Ineffectively slow, slower, slowestBy
When A.J. Burnett throws six innings and makes one mistake, the only thing to do is tip your cap to him. The Yankees were simply outpitched last night, and as the old baseball adage goes, good pitching will beat good hitting nearly all the time.
But there are some takeaways from last year’s night, and most of them concern Mike Mussina. Submitted for your approval is a rather basic pitch graph of Mike Mussina’s night. It tracks the velocity of his pitches along the X-axis vs. the break of his pitches according to MLB’s Advanced Gameday application along the Y-axis.
The colors represent Mussina’s pitch repertoire. The green are his fastballs; the two shades of red are his breaking pitches; and the blue dots at the slow end of the slow spectrum are his knucklecurves. To really get a sense of how slow Mussina was throwing, Gameday kept calling his low-80s fastballs change-ups. Those, my friends, were not changeups.
And therein lies the problem. Mike Mussina threw fastballs for nearly 60 percent of his pitches. He threw about 10 each of his breaking pitches. While the break on his fastballs is encouraging, he doesn’t have enough gas to throw so many fastballs. He hit 86 mph five times but mainly sat around 83 and 84 with his fastball. Major League hitters are going to tee off against him.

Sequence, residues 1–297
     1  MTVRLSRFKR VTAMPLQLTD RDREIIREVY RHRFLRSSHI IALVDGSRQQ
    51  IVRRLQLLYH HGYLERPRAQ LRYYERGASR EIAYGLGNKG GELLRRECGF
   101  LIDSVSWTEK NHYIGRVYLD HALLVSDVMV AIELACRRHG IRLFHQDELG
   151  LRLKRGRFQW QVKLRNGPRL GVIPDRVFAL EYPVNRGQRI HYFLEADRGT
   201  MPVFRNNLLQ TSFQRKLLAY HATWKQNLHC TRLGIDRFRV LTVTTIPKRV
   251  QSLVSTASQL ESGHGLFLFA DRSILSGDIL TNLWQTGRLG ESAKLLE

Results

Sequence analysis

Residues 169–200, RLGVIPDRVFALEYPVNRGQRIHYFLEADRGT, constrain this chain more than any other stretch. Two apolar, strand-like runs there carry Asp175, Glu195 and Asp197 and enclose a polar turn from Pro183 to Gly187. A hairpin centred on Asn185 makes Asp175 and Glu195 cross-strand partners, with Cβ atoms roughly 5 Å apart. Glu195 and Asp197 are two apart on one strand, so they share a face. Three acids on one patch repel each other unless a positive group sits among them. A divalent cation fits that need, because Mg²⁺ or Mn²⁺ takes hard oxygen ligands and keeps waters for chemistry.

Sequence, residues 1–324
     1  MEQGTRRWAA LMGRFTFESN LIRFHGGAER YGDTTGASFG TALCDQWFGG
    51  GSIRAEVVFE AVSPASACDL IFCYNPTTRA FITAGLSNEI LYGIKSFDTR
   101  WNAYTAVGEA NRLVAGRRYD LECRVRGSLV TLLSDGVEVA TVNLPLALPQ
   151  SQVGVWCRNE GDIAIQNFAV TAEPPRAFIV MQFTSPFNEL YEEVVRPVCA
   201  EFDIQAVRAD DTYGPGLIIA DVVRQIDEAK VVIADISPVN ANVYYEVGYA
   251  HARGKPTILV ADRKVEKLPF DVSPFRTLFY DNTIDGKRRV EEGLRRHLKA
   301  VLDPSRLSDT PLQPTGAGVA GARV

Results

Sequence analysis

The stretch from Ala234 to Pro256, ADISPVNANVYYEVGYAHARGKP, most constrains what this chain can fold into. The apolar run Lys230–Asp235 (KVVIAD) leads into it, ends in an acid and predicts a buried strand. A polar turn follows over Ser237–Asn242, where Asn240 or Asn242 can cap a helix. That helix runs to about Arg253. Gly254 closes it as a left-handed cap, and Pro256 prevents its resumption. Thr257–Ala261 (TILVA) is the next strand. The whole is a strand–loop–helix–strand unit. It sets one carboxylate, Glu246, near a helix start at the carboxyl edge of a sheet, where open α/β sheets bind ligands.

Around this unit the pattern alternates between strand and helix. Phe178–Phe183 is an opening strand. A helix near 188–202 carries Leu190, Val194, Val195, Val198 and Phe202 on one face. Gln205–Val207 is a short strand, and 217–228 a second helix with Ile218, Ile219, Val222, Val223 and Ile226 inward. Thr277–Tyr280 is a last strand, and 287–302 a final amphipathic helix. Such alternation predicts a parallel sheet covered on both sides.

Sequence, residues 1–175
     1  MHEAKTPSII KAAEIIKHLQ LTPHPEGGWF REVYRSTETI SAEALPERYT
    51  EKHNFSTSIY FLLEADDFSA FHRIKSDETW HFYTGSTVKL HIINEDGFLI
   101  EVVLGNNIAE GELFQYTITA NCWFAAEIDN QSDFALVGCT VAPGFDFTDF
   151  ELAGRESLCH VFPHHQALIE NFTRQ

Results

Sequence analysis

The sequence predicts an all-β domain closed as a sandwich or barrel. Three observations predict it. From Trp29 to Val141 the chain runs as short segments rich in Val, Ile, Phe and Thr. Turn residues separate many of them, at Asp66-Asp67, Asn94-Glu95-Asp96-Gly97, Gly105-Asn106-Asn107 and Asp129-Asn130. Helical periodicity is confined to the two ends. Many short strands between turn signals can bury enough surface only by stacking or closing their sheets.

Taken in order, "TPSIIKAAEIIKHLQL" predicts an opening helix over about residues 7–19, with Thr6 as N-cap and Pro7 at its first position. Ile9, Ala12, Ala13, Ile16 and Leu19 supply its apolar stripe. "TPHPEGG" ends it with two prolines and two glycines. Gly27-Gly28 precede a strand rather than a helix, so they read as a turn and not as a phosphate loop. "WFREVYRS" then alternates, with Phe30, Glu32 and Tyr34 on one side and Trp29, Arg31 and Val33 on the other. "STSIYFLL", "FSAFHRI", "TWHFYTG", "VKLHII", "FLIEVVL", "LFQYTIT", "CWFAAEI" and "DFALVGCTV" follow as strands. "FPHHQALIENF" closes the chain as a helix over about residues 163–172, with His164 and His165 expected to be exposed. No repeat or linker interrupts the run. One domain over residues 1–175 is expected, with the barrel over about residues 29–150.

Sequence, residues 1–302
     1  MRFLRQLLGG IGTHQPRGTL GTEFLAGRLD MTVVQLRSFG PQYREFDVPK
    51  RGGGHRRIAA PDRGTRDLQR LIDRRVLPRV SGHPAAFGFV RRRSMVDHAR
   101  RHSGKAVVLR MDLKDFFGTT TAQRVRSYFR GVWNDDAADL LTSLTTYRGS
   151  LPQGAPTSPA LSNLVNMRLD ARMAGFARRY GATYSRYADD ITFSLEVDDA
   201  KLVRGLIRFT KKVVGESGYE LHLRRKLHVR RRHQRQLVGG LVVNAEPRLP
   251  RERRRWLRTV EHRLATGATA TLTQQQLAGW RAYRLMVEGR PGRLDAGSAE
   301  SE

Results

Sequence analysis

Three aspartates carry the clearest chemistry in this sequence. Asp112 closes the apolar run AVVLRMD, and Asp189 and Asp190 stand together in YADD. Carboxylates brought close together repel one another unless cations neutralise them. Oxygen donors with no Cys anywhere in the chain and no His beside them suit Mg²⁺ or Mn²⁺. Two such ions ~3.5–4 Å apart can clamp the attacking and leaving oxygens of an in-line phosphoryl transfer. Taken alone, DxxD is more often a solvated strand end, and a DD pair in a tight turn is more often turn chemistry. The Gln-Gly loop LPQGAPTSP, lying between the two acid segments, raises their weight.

Meanwhile, Mussina again seemed to pull his routine on the mound when Giambi made an error and Moose didn’t cover first base in time early in the game.
In the end, Moose’s results are serviceable. He gave up 3 earned runs in5.2 innings, but he put 10 runners on base and struck out only 2. While relying on his low-80s fastballs, Mussina will not be so lucky in the future.
Game Notes: Alex Rodriguez is very good at hitting baseballs. I’m very happy to see him back on this team for the long haul…Derek Jeter‘s fourth inning effort in turning an error into an out changed the dynamic of the game. That was sloppy baserunning by a usually reliable baserunner…A few commenters in the game thread bemoaned Joe Girardi‘s decision to keep Giambi in the game to face Brian Tallet in the 7th. When Giambi’s blast in the 9th fell a few feet short of tying the game, no one was complaining, and had it been warmer or windier in the right direction, the game heads into the 10th a tie. I understand the ideas behind playing the matchups, but in a close game, losing Giambi’s bat isn’t an option. He’ll always be more of a threat at the plate than Shelley Duncan or Morgan Ensberg.